As He Exits, Mueller Suggests Only Congress Can ‘Formally Accuse a Sitting President Of Wrongdoing’

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Special counsel Robert S. Mueller III reiterated Wednesday that his office could not clear President Trump of obstructing justice, asserting in his first public remarks about his investigation that federal prosecutors cannot accuse the commander in chief of a crime while suggesting Congress still may do so.

Standing alone on stage in a room used for news conferences on the Justice Department’s seventh floor, Mueller said that if his office “had confidence that the president clearly did not commit a crime, we would have said so,” and noted that the Constitution “requires a process other than the criminal justice system to formally accuse the president of wrongdoing.”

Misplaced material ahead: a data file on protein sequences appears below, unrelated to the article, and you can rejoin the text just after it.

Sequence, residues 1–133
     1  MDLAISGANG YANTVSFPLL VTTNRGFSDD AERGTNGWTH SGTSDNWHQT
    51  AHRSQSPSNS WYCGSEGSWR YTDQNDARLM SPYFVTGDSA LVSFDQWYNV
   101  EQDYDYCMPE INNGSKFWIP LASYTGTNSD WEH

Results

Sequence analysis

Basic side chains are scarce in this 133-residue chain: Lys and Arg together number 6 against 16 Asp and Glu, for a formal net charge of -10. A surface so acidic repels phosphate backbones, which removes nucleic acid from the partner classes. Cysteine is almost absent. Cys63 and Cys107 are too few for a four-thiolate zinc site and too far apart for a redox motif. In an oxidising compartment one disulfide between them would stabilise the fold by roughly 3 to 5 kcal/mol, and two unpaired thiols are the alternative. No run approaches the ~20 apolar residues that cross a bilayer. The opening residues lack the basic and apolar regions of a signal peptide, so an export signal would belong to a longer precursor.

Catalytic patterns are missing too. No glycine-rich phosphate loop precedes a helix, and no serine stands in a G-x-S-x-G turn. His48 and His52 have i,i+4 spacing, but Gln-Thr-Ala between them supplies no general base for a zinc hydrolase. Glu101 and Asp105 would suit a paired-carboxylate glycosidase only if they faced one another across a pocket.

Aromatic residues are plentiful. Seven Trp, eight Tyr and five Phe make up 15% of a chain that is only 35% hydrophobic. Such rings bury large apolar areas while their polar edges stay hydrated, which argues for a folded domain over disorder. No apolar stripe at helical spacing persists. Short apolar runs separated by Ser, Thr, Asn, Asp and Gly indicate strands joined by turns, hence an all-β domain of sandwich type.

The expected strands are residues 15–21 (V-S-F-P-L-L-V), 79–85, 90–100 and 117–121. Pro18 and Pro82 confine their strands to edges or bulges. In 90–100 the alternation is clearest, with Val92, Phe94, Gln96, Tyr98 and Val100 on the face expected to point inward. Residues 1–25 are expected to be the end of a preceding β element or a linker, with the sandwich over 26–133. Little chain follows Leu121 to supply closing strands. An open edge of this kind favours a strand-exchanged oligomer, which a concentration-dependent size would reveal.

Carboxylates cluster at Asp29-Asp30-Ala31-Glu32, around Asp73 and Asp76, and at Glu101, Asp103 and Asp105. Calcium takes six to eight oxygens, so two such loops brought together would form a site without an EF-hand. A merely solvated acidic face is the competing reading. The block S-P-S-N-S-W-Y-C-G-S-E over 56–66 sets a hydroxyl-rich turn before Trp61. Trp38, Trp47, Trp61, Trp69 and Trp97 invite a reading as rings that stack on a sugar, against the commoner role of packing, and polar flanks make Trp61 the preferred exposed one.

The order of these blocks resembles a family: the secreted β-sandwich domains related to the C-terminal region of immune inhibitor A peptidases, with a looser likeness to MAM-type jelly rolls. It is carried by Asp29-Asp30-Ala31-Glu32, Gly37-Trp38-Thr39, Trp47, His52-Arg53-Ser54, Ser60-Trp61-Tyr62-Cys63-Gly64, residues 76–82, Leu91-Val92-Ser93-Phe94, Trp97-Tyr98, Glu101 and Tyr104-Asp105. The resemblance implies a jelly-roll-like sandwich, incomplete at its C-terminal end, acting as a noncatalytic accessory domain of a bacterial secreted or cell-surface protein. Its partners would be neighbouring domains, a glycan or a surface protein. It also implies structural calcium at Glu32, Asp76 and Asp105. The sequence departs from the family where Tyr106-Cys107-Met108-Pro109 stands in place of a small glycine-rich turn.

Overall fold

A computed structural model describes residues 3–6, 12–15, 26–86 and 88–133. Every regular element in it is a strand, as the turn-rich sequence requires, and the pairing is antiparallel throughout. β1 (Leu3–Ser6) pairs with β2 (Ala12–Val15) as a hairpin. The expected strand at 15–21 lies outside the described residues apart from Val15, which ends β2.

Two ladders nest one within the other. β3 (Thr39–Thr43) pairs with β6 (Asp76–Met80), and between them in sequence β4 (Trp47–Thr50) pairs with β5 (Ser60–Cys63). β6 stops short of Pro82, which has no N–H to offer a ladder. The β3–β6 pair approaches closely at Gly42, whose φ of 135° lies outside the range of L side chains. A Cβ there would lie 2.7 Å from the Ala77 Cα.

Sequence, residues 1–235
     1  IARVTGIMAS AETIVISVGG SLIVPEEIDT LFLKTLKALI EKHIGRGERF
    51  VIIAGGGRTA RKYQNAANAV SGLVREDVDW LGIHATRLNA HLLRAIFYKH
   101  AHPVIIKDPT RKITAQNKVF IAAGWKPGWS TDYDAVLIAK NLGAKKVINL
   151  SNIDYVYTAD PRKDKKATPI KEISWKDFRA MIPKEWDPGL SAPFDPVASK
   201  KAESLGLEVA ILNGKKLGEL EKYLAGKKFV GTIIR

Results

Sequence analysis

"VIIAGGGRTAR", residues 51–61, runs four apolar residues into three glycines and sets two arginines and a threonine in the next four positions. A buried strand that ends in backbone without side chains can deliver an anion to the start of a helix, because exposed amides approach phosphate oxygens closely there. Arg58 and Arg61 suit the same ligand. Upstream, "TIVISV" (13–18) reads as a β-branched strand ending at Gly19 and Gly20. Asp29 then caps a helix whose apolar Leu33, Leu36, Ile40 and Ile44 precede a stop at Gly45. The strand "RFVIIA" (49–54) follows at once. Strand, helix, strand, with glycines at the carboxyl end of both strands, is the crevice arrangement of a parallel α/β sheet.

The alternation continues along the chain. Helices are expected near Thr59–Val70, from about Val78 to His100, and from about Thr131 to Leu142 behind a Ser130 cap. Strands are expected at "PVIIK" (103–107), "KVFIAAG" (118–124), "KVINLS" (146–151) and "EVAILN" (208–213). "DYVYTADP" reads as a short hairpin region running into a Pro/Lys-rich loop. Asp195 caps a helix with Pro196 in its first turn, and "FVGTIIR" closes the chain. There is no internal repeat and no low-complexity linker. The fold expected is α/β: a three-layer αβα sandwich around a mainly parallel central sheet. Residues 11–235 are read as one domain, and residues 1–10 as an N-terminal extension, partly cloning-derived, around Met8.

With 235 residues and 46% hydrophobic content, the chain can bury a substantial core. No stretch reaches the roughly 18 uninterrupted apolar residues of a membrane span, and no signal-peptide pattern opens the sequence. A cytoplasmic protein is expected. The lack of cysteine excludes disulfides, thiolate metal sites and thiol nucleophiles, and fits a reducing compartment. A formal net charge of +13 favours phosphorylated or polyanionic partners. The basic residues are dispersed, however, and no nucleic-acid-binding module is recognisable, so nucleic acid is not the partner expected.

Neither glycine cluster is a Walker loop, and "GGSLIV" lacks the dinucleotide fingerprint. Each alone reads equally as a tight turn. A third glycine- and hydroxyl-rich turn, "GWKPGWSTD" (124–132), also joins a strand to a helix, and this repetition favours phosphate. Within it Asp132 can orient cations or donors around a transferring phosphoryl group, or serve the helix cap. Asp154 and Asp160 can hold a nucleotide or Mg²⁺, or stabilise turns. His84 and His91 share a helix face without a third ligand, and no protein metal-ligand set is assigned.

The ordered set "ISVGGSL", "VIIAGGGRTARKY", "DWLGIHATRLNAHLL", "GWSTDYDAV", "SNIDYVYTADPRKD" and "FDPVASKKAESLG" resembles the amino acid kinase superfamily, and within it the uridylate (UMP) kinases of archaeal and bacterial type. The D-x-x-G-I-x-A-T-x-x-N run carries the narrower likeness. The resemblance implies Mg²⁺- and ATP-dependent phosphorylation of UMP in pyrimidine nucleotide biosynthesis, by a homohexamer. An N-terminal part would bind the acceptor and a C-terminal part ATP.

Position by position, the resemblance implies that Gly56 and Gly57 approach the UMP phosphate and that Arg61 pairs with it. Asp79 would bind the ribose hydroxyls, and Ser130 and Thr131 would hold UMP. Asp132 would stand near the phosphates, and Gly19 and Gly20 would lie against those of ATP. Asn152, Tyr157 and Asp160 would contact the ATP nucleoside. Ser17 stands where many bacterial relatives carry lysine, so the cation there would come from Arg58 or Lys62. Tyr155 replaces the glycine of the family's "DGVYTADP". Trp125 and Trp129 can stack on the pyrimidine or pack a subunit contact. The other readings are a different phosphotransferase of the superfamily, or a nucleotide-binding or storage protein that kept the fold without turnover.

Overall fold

But if Mueller was trying to suggest Democrats could initiate impeachment proceedings, he also seemed to dash any hopes they might have had of doing so with him as their star witness.

The special counsel — who noted he was closing up shop and formally resigning from the Justice Department — said he hoped the news conference would be his last public comments, and if he were compelled to testify before Congress, he would not speak beyond what he wrote in his 448-page report.

The comments — the first Mueller has made since his investigation closed last month — mostly reemphasized what the special counsel already had said in his report, and instantly fueled partisan infighting in Washington.

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